Now that I’m out of school, I find myself thinking more about school. *Sighs* Sad, but true. I have short essay I wrote for my business ethics class I wanted to share. The textbook is Honest Work: A Business Ethics Reader by Joanne B. Cuilla.

I left it pretty much in tact. Please don’t expect a profound answer. What would you do if you were a CEO? What if you were a minimum wage worker here in the United States or in a different country? The class had a good discussion and I thought maybe I would just throw this out there.

Photo Credit: Saad.

The question posed in Ciulla’s essay on ‘Exploitation of Need’ asked, “Is any kind of work or any set of working conditions okay as long as a person freely chooses it?” (Text p. 205)  Can employers justify demeaning working conditions for its minimum wage employees if they can legally leave? What if they don’t have a real choice in the matter, as the job is the sole source of income for their existence? Just considering the current economic climate in some parts of the United States, it is a valid question as employers are offering less and less jobs in certain industries.

John Locke made the observation that the kings do not have a right over the natural rights of freedom and property. Kings justified that they offer protection for their subjects in exchange for them giving away some freedoms (Text p. 205). Adam Smith remarked that employees lose freedoms to gain monetary compensation. People go to work where they bosses tell them, work when they are assigned, and even schedule their vacation time around what the job approves.

Ciualla notes that in contrast to Smith’s idea of pay is related to freedoms lost, people who get paid the most typically have the most freedoms (Text p.207). People who have their freedoms restricted to a high degree, such as a Wal-Mart employee are some of the lowest paid employees in the retail area.

Wal-Mart has a reputation for limiting their employees’ freedom and pay. Latin Trade (Text p. 204) points out that it has sales that are greater than many countries entire economies, yet it on a mission to find the lowest cost workers. Frontline produced a show that claimed that Wal-Mart engaged in practices that kept part-time employees from receiving medical benefits and more work hours.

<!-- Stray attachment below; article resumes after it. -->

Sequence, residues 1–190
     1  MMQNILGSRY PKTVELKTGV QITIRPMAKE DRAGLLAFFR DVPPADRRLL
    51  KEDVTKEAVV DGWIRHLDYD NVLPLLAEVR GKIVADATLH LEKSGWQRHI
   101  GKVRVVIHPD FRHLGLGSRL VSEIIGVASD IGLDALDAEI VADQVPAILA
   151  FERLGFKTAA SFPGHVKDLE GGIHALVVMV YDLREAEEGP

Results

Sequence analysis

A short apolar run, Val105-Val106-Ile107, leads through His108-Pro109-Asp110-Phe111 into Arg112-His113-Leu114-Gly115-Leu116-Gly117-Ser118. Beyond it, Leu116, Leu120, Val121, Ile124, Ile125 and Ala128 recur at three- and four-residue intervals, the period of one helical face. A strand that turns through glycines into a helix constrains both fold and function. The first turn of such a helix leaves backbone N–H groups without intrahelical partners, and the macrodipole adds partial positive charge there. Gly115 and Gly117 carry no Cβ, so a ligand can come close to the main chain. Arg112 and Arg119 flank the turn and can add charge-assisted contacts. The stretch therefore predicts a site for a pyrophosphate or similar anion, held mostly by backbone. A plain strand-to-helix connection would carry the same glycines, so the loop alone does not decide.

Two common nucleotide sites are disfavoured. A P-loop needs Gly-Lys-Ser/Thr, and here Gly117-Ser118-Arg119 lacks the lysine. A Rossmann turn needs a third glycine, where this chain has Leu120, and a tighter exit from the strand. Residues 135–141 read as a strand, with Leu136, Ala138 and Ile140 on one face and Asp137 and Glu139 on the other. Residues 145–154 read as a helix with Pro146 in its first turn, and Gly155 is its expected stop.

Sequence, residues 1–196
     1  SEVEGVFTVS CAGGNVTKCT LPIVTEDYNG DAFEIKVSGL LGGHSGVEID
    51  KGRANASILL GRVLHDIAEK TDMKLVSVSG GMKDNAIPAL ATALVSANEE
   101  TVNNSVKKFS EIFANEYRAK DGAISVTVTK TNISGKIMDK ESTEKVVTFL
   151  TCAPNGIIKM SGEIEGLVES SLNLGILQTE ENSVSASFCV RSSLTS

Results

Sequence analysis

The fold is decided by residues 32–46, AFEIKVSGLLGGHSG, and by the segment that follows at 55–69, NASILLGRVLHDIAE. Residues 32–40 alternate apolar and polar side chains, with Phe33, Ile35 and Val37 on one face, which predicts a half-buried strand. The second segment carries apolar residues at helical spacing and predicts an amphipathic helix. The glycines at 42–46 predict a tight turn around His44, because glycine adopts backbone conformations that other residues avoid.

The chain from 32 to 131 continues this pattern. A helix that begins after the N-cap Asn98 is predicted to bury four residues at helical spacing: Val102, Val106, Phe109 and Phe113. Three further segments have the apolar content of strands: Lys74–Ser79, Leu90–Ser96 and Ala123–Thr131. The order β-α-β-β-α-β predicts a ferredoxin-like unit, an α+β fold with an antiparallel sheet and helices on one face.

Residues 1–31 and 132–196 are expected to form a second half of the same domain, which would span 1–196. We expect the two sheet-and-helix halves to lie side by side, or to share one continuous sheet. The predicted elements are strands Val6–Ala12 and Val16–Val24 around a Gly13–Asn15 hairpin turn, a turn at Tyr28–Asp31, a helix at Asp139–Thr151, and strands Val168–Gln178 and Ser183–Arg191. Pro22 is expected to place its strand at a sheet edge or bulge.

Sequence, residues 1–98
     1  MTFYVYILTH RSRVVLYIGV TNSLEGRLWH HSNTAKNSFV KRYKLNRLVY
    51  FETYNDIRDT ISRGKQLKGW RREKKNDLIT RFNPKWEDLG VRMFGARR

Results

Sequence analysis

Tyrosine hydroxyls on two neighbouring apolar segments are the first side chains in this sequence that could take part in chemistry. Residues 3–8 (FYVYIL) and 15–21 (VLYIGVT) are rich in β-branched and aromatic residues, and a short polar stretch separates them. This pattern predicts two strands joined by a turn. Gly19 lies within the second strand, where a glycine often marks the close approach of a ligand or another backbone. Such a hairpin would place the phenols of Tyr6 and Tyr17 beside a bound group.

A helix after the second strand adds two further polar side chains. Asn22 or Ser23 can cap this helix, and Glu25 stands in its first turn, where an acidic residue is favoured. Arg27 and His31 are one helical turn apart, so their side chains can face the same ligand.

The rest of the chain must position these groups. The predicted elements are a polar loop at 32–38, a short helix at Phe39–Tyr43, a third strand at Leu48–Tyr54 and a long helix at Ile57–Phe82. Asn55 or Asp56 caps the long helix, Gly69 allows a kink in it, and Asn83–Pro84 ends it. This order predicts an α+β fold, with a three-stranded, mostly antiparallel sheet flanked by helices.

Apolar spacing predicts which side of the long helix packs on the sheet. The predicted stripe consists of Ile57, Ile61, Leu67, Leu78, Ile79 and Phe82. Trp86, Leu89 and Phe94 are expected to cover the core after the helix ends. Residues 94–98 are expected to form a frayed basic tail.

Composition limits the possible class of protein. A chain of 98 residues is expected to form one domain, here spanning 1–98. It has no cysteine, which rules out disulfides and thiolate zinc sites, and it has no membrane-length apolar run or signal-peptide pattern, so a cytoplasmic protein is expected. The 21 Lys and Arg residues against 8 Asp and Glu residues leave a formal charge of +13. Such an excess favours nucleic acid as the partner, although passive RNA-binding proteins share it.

Is Wal-Mart justified to keep their methods in tact simply because employees can quit at any time?

What about countries where unemployment is far higher than the United States? Do employees really have a choice when it comes to employment or is the choice made under duress? Or are people choosing these jobs because it means not being homeless or starving?

Peter Singer estimates that 400 million people face the inhumane condition of hunger (Text p.210). Employers in countries where poverty is rampant hold an unnatural influence over its employees. After all, they can leave at any time, but how will they support their family?

Using Singer’s argument that we are under obligation to assist, employers have to consider improving the standards of their workplaces and practices. They are not obligated to pay their employees an amount that would make them go bankrupt, but they have to pay a living wage. They have to pay an amount that an employee under their care that will pay for shelter, food, and clothing. In the United States, employees would have to be paid enough to match the cost of living. Certain localities in the America are notorious for sky high shelter expenses (New York City, Chicago, and San Francisco as examples). Paying an employee $5.15/hour and little to no benefits in such an environment is exploitation in a practical sense.

An ethical company has to consider this as they develop their compensation plans. They can not have it both ways: quality employees at the lowest cost. There has to be a sacrifice on their part. Lower profits for the short term can boost employee morale, which in turn, can lead to better customer service which can lead to more loyalty from customers and employees. Employers have an obligation to not exploit their employees.

This essay is not meant to bash Wal-Mart. It’s just an example of a global company’s power over its workers.